Writers: Chad Stuart/Wendy Kidd; Producer: Ben Surratt & Larry Stephenson; Publisher: EMI Unart, BMI
– Rounding out the top 10 in the 10th spot is this remake of the Chad & Jeremy “British Invasion” pop hit of 1964. It works surprisingly well as a bluegrass tune, easily as well as Manfred Mann’s “Fox on the Run” did. The hillbilly quartet harmonies here are spectacular. A must listen.

Writers: Tony Lopacinski/Devin Belle/Jimmy Fortune; Producer: Nu-Blu; Publisher: Big Mouth/Little Igloo/Jimmy Fortune, BMI
– This North Carolina group is anchored by the warm soprano lead singing of Carolyn Routh. On this upbeat lyric about finding inner strength, she is joined by former Statler Brother Jimmy Fortune and the Isaacs’ exemplary harmony man Ben. The result is a track that is as good as progressive bluegrass can be. In its third month on the chart, this track from the Vagabonds CD lands at No. 19. The collection also includes imaginative rearrangements of Waylon & Willie’s “Good Hearted Woman,” Dylan’s “Knockin’ on Heaven’s Door,” the late Norro Wilson’s Charly McClain oldie “Surround Me with Love” and the Sawyer Brown tune “Gypsies on Parade.”

CLAIRE LYNCH/Black Flowers
Writers: Lynn Miles; Producer: Alison Brown; Publisher: Cold Girl, SOCAN
– The sublime bluegrass diva Claire Lynch went northward on a song quest, fell in love with a community of songwriters and now has an entire CD containing almost all Canadian tunes. Gordon Lightfoot, Bruce Cockburn and Ron Sexsmith are here, but so are a lot of other gifted tunesmiths you might not know. Her current single/video is a haunting, hushed, bluesy lament of death and mourning penned by Ottawa’s Lynn Miles. Instrumental support on her North By South album comes via such stellar names as Bela Fleck, Jerry Douglas, Kenny Malone, Alison Brown, David Grier and Stuart Duncan. You’d be a fool to overlook this perfect audio jewel.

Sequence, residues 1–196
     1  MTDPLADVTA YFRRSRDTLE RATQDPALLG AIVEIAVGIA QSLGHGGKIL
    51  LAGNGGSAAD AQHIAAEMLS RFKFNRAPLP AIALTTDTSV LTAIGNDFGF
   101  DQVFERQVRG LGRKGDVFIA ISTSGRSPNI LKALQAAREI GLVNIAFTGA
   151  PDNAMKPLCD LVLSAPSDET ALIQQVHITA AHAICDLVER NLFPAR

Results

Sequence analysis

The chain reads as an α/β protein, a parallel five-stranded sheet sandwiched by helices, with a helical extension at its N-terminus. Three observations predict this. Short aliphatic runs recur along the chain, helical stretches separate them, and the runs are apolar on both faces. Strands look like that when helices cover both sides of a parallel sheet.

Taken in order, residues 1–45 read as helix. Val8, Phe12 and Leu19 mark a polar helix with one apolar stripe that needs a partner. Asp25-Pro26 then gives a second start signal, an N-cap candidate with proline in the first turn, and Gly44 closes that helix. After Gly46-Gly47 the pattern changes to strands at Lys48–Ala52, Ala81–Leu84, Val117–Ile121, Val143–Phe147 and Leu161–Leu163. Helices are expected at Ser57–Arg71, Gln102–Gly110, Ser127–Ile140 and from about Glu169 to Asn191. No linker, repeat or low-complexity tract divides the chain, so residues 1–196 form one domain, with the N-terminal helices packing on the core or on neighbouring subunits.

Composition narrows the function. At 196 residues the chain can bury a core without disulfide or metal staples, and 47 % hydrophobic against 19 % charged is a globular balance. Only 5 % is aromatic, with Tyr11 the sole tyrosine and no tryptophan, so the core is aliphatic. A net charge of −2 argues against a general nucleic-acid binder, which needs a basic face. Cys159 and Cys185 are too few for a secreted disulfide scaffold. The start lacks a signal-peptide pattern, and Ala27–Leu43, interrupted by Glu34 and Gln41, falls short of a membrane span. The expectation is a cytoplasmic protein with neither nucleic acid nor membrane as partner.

DAILEY & VINCENT/Gimme All the Love You Got
Writers: Jaimie S. Dailey/Karen Staley/Darrin Vincent; Producer: Dailey & Vincent; Publisher: Bluegrass Ambassador/Hobo Lizard/Julieann, BMI
– Stand back or face the force of nature that is this astounding ensemble. Their new Patriots & Poets CD kicks off with this fiery jolt of energy. It blasted onto this month’s Bluegrass Unlimited hit parade at No. 20 as the genre’s highest charting new tune, doubtless en route to No. 1. If you’ve never seen these great showmen, head to The Ryman Auditorium tonight (July 13). I promise you will be royally entertained. Take it from me, there’s a reason they’ve earned three Grammy nominations, won four Dove Awards, claimed an astounding 35 IBMA honors (including three as Entertainers of the Year) and landed their own TV show on RFD.

Writers: Thom Jutz/Charley Stefl/Jon Weissberger; Producer: Chris Jones & Tim Surrett; Publisher: Thom Songs/Maddy Dog/Use Your Words, SESAC/BMI
– Mellow. It’s an easy-going ode about marching to the beat of your own drummer. The melody is a lilting, gentle thing, perfect for a lazy summer afternoon. It’s at No. 23 this month and comes from the band’s Made to Move CD.


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Robert K. Oermann is a longtime contributor to MusicRow. He is a respected music critic, author and historian.